MAYBE SHE DID IT to shut me up, but my grandmother taught me to read.
I only remember five books in our house, growing up. There was a pocket-sized volume on tree identification (used by my father when he worked trimming trees for the phone company), The Illinois Blue Book (free for the asking from the state every year, it taught you that corn and strip-mined coal were two of the most important commodities on earth, and that Abraham Lincoln was a leading candidate for sainthood), a dictionary, a huge Catholic Bible with all the apocrypha, and A History of Marine Corps Aviation in World War II, displayed proudly because it included a snapshot that my father had taken on Guadalcanal.
And because the last one had airplanes it it, I wanted to read it, so my grandmother taught me.
When I was four years old.
Using the Bible.
We started with Genesis, and by Revelation I could read as well as she could. Only after that was I treated to my reward, the Marine history, which, after Leviticus and Numbers, was pretty lively stuff.
This posed something of an issue for my teachers in elementary school. They handed me Fun with Dick and Jane, I polished it off in about five minutes and asked why the guy wrote so weird, and for the next several years, while the rest of the class practiced reading, I sat in the corner reading the encyclopedia and (once my teachers had made sure I was not spending all of my time ogling pictures of bare-breasted tribal women) a few decades worth of National Geographic.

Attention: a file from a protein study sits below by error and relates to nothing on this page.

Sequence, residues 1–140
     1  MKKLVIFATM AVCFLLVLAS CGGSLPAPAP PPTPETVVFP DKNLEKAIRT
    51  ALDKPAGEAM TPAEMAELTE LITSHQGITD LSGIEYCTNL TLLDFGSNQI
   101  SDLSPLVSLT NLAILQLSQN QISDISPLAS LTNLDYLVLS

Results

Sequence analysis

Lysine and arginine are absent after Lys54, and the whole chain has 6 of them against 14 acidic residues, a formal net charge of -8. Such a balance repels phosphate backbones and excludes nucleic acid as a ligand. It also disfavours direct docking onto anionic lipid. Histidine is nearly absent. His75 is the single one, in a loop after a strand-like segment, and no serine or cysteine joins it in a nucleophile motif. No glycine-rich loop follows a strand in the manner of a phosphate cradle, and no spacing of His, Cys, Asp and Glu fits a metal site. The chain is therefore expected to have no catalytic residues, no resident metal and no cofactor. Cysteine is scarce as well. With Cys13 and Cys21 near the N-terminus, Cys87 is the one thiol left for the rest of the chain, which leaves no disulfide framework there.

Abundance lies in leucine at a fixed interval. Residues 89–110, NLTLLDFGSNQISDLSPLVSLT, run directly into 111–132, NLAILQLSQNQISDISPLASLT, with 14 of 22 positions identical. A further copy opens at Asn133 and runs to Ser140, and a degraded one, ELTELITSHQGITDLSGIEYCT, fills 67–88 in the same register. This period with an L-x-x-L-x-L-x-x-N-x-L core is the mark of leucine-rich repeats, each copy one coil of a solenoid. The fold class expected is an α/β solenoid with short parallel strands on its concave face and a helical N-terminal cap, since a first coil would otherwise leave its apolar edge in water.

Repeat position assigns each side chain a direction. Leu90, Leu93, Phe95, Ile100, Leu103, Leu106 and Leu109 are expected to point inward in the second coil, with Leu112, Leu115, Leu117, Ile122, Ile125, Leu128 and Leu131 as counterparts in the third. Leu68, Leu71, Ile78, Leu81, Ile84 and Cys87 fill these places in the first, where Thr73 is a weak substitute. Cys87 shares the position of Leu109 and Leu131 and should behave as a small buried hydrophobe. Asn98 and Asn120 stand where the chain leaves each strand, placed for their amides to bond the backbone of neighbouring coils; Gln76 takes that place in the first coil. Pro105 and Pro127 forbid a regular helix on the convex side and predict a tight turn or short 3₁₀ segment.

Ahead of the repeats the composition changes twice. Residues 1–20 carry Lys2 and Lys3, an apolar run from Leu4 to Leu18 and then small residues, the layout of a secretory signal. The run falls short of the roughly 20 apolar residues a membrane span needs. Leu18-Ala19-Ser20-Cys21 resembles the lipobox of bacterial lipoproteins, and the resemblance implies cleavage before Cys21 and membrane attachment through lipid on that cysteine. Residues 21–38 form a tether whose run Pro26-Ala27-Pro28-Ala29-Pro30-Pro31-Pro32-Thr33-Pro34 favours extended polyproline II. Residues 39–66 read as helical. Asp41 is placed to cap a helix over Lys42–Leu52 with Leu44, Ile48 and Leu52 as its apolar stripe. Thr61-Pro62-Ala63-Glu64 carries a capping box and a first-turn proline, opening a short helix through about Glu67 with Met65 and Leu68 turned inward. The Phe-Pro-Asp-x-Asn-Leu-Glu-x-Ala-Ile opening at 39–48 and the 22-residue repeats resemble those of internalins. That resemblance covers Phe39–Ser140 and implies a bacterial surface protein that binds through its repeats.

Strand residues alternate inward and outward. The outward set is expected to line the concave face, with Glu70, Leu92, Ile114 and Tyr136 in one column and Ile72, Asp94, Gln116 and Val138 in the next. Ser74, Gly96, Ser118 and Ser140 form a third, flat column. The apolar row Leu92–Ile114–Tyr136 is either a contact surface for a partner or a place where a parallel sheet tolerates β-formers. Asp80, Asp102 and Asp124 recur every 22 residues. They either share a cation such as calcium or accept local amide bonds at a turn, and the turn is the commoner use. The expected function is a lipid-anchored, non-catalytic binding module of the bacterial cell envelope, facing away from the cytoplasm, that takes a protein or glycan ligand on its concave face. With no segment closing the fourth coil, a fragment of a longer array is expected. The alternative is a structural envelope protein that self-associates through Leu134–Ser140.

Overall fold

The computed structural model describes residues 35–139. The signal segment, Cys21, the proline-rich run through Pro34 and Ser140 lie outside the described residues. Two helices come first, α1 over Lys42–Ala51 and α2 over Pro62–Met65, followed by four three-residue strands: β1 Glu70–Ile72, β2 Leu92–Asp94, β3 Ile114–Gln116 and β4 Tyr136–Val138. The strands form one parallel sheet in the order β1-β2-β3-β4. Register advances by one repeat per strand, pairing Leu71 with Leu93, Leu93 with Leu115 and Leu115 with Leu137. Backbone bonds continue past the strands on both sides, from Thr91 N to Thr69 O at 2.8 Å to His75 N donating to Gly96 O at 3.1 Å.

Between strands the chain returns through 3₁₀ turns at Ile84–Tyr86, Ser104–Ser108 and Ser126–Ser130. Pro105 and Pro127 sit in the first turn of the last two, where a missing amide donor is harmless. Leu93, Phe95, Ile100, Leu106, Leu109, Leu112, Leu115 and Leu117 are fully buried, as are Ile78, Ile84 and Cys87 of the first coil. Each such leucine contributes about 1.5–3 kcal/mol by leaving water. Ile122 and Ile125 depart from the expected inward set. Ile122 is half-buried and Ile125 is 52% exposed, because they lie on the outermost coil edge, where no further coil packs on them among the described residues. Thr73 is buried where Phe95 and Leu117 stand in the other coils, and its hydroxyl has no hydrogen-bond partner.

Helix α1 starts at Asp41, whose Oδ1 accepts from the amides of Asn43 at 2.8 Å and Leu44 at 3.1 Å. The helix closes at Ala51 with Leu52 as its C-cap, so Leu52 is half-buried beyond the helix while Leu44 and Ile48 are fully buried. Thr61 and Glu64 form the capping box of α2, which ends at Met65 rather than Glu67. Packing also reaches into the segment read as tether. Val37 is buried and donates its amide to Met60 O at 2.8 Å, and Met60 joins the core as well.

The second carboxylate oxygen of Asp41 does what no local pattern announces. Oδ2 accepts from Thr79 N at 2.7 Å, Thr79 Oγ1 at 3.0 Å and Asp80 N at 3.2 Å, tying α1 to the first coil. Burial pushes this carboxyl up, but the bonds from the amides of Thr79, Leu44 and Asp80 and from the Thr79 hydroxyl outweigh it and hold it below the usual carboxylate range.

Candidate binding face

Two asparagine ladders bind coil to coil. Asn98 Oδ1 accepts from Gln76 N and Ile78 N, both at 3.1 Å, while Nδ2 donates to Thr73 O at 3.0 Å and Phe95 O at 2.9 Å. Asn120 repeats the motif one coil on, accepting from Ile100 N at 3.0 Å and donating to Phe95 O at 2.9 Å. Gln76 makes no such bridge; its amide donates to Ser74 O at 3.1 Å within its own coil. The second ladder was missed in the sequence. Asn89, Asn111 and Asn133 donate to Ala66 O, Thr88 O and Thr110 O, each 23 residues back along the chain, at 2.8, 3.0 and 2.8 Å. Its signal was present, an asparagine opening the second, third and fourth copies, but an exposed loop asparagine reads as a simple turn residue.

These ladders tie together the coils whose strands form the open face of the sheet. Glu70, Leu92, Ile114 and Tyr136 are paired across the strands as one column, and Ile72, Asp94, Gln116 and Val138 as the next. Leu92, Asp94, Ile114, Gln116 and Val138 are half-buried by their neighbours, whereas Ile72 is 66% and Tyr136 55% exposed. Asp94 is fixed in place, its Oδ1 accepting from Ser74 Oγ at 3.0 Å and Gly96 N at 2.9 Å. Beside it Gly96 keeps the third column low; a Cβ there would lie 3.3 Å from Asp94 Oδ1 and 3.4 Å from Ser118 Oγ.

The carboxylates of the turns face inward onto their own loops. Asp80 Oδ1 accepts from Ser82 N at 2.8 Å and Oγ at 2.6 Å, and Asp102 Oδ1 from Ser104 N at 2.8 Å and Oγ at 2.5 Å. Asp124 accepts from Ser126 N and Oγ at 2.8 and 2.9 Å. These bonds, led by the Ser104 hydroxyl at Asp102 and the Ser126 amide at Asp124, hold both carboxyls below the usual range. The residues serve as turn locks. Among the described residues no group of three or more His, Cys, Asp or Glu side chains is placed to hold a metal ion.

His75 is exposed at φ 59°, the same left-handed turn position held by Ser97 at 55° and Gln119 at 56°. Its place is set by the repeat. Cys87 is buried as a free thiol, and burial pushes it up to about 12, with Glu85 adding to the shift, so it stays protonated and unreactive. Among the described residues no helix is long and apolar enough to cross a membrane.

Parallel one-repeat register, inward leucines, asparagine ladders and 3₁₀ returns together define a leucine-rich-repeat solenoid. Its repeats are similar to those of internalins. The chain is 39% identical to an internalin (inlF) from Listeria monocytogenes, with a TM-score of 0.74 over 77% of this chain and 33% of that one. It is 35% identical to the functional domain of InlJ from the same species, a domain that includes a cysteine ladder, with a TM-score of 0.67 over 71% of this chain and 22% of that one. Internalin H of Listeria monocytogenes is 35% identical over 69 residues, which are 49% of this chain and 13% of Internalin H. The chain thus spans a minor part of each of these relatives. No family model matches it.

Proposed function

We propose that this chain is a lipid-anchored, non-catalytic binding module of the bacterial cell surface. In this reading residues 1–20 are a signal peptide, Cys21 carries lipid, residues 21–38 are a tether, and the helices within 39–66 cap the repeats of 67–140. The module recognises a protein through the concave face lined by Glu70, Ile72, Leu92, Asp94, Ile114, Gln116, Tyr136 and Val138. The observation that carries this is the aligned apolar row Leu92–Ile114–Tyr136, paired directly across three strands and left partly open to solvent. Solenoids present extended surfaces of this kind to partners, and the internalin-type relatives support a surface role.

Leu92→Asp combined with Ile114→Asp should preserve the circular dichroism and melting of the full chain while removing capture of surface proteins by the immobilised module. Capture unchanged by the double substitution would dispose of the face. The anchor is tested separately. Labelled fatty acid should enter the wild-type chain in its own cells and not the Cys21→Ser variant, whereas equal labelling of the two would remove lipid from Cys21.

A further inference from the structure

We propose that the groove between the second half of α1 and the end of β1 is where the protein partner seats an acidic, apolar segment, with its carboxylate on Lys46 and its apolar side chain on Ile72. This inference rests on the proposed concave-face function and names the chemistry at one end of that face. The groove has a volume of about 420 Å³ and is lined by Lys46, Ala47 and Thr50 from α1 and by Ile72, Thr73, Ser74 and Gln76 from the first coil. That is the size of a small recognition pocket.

So my grandmother taught me to read.
But it was my mother who taught me to love books.
She was, and is, a reader and, long about the time I was five, introduced me to the local library, which was less than a five-minute bike ride from my house. And she made it her business to not only love books, but to love the books I loved. If I brought it home from the library, first I read it and then she read it, so I could have someone with whom to discuss it.
|My mother last Christmas; |
I'm betting she's asking
Santa for a new book.
In this fashion, my mother became an expert on every expedition to Mount Everest, on the principles of rocketry and aviation, on wilderness survival and the heroes of the Old West and, much later, on the works of Hemingway and Fitzgerald.
What's more, she also encouraged me to write. And when I began writing, she was (and remains) a perfect pre-reader, largely because she understands where I'm coming from, because she laid my childhood literary foundation with me.
So what about you? Do you have someone in your life who started you on a love of reading books, and a passion for writing them?
If you do, and you're still blessed enough to have them with you, be sure to tell them how much that has meant to you.
And remember, Mother's Day is coming.
So go out and buy them a book.